Black boy from the time is the debut memoir by Hari Ziyad, who is among other things editor-in-chief of Racebaitr, Lambda Literary Fellow 2021 and prolific essayist. In a word, it’s exquisite.
At the heart of the memoir is the concept of abolition, which, according to Critical Resistance, refers to “a political vision aimed at eliminating detention, policing and surveillance, and creating permanent alternatives to punishment and incarceration”. In practice, it looks very much like living together in an actual community: a real hug of our perceived other beyond institutions that would put people in cages and out of the public eye rather than addressing social issues like homelessness, inadequate health care and unemployment . as trumped by the abolitionist icon Angela Davis. According to Ziyad, “It all comes back to the work we do to become free.”
Ziyad writes with a clarity and strength that surpasses any recent memories, weaving the writing of abolition and carcinoma with a rousing series of letters to her younger self as part of her work as a child. One of 19 children in a mixed family, Ziyad was born to a Hindu Hare Krishna mother and a Muslim father in Cleveland, OH. They grew up black, weird, and – as too many racist children are made – painfully quick. But in her memoir, Ziyad dials back the clock and turns inward. As they peel off the fetters, they reveal to the black child and adult a plethora of truths about the need for blacks’ liberation, and when given the grace to grow freely they become variable.
Carcinogenic logic is so prevalent that the work of abolition goes beyond dismantling prisons and wards that wreak havoc and penetrate deep into the psyche, which becomes a place of reproductive logic until we consciously unlearn it.
Ziyad patiently reveals how harmful cancer is for black people and how intrinsically punitive thinking can be, how we understand our outer and even inner life. Carcinogenic logic is so prevalent that the work of abolition goes beyond dismantling prisons and wards that wreak havoc and penetrate deep into the psyche, which becomes a place of reproductive logic until we consciously unlearn it. Liberation is therefore as much inner work as outer work. Like a social archaeologist, Ziyad tries to discover his true self – the inner child – who lives beneath binary thinking and what shape it as misafropedia, or “the anti-black contempt for children and childhood experienced by black youth” . They encounter places of trauma and get away with nuances and new meanings by taking care of their inner child with the care of a loving parent. “I would like to offer colonized blacks – and especially myself – a kind of road map to win back those childhoods we sacrificed,” writes Ziyad, “or which have been given up for us because of misafropedia.”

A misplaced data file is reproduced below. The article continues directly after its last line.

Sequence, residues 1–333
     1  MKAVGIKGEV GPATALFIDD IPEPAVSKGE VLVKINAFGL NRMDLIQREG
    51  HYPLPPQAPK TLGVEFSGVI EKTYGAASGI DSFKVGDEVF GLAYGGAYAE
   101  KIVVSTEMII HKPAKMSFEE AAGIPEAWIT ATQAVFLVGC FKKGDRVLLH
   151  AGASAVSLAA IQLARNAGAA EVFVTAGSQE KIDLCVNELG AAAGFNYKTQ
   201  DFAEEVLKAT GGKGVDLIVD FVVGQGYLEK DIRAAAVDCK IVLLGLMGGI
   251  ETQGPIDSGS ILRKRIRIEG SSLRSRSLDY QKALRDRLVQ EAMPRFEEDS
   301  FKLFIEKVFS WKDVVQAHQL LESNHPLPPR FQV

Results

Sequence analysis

The joy of Black boy from the time is in the unconditional love it exudes for all blacks and how it cares for black children’s experiences. It is in its utter surrender to freer, more daring black futures; in his mind. It lies in the calm and wisdom of its author who is the kind of cultural critic and black liberation advocate that our political moment yearns for. Hailed by Darnell L. Moore as “the black-loving art that is both shotgun and balm”, Black boy from the time is just deeply great, to the point that the best this reviewer can do is ask you to read it and know for yourself.
In February, I sat down one on one with Ziyad – then one on one plus a live studio audience (via Google Hangouts) as part of a speaker series at Group Nine Media – to talk about it Black boy from the time and the healing work of abolition in action.
This interview has been edited for length and clarity.